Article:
The Crystal Bucket: Television Criticism from the "Observer", 1976-79

by Clive James | Nonfiction |
ISBN: 0330267450 Global Overview for this book
Registered by freesia of Perth City, Western Australia Australia on 10/28/2007
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Journal Entry 1 by freesia from Perth City, Western Australia Australia on Sunday, October 28, 2007
Clive James was a brilliant writer, with an incredible grasp of language - selecting just the right words to deflate pomposity or pay tribute to brilliance. I didn't know much about British TV in the 1970s, but rather like Australia today, much of their programming consisted of US imports.

I want to share some of the images that tickle me so much:

American quiz show hosts: "Each looks as if a team of cosmetic dentists has capped not just his teeth but his whole head. On top of the resulting edifice flourishes a wad of hair transplanted from a living buffalo"

...compared with our own Terry Wogan: "it is almost certain that his head is composed of the original tissue. Many times in the past I have made jokes about Terry's bionic appearance. It was wrong of me to do that. I see now that he is full of those redeeming flaws without which, as Degas insisted, there is no life."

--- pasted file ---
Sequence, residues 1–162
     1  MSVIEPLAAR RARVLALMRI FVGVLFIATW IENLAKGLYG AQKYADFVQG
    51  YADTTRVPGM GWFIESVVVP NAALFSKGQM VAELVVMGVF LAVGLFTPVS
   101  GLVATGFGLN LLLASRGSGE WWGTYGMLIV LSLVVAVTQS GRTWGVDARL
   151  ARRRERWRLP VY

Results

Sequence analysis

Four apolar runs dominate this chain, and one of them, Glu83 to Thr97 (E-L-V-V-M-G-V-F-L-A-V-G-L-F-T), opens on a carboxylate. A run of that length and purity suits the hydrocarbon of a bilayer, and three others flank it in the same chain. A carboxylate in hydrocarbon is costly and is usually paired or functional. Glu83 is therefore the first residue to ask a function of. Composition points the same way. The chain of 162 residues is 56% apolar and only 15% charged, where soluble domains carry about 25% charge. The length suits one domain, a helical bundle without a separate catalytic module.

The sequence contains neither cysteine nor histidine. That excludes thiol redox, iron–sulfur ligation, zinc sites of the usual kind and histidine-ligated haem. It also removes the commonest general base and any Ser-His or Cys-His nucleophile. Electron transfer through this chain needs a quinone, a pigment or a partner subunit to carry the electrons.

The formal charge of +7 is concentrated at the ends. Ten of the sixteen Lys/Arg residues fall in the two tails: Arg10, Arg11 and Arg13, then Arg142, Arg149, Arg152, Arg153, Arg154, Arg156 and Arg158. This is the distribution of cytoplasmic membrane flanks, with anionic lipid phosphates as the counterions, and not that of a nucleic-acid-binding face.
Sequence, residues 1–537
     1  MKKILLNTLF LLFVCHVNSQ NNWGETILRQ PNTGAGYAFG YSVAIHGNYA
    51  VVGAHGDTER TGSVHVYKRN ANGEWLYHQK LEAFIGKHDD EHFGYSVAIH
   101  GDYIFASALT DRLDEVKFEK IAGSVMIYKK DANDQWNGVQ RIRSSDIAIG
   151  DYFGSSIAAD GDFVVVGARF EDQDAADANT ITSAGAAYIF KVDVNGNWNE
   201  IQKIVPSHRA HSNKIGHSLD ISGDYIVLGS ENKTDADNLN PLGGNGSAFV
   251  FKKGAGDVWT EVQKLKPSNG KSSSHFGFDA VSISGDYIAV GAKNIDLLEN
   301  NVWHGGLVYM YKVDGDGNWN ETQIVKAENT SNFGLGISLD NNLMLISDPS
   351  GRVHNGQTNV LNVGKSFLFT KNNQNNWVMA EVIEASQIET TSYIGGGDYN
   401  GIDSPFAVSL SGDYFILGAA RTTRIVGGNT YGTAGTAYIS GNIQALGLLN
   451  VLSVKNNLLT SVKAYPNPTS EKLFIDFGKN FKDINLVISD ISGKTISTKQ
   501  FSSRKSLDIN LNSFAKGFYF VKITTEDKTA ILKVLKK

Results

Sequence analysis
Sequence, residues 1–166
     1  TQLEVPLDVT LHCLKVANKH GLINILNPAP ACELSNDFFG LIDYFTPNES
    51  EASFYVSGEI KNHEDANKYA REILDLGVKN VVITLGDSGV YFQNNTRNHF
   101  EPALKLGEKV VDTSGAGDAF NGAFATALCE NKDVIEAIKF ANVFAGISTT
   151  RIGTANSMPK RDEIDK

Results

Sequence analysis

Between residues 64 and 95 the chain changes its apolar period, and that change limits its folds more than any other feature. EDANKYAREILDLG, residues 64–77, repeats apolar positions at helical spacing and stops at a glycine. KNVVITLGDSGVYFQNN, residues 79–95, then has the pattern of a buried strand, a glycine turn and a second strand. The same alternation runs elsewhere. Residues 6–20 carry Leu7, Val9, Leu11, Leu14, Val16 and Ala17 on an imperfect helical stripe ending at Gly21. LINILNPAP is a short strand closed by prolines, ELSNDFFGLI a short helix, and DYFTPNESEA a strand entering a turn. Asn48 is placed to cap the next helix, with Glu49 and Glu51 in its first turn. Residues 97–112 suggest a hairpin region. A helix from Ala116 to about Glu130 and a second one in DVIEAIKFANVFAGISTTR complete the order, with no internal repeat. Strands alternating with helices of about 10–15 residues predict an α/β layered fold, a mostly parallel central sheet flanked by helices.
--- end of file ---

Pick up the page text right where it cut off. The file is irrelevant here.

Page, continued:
"As for Peter Firth's Armand, he is wet where Robert Taylor was wooden. On the whole, I prefer moisture to splinters."

James observes national treasure David Attenborough's Life on Earth the first time round, when wildlife documentaries were new and unfamiliar: "Fresh-faced and still paunchless, Attenborough looks groovy in a wet-suit. Female viewers moan low as he bubbles out of the Pacific with a sea urchin in each hand [...] Few who saw it will forget Attenborough's smile of ecstasy as he stood, some years ago, knee-deep in a conical mound of Borneo bat-poo. Miles underground, with cockroaches swarming all over him and millions of squeaking bats crapping on his head, he was as radiant as Her Majesty at the races."

Of the World Disco Dancing Championships "The athleticism involved was awe-inspiring. Tadyaki Dan of Japan spent most of his time in mid-air, upside down with his hands behind his back, trying to bite pieces out of the floor."

On modern music "Punk music loosens my fillings, but those who like it presumably want to hear the best bands available and Something Else apparently knows which rocks to lift up in order to find them."

On Everest Unmasked: "Reinhold Messner positioned himself against the pitiless Himalayan skyline and explained why the challenge he was about to face was of crucial significance for the history of the human race. "It is inneresting to try zis climb wizzout oxuchen ... what is important to explore is myself." Reinhold forgot to ass that exploring Reinhold's self was important mainly to Reinhold. For the rest of us, exploring Reinhold's self was bound to rank fairly low on any conceivable scale of priorities."

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